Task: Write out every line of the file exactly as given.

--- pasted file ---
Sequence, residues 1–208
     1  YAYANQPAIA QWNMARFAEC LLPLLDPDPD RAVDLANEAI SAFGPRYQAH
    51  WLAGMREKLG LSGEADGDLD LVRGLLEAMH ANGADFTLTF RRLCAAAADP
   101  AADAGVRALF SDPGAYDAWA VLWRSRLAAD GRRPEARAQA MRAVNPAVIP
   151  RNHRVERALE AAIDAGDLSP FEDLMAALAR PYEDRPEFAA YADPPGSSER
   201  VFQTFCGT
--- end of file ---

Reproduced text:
Sequence, residues 1–208
     1  YAYANQPAIA QWNMARFAEC LLPLLDPDPD RAVDLANEAI SAFGPRYQAH
    51  WLAGMREKLG LSGEADGDLD LVRGLLEAMH ANGADFTLTF RRLCAAAADP
   101  AADAGVRALF SDPGAYDAWA VLWRSRLAAD GRRPEARAQA MRAVNPAVIP
   151  RNHRVERALE AAIDAGDLSP FEDLMAALAR PYEDRPEFAA YADPPGSSER
   201  VFQTFCGT